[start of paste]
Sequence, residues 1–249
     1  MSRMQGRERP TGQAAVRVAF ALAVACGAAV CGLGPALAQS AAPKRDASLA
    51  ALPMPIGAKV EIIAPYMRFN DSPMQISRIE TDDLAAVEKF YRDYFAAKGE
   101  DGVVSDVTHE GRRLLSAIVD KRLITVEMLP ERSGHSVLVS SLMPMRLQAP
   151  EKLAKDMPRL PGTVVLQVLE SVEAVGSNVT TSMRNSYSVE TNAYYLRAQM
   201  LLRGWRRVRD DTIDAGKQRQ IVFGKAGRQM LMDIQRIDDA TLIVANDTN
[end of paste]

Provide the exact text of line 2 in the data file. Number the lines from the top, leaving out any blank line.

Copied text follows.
     1  MSRMQGRERP TGQAAVRVAF ALAVACGAAV CGLGPALAQS AAPKRDASLA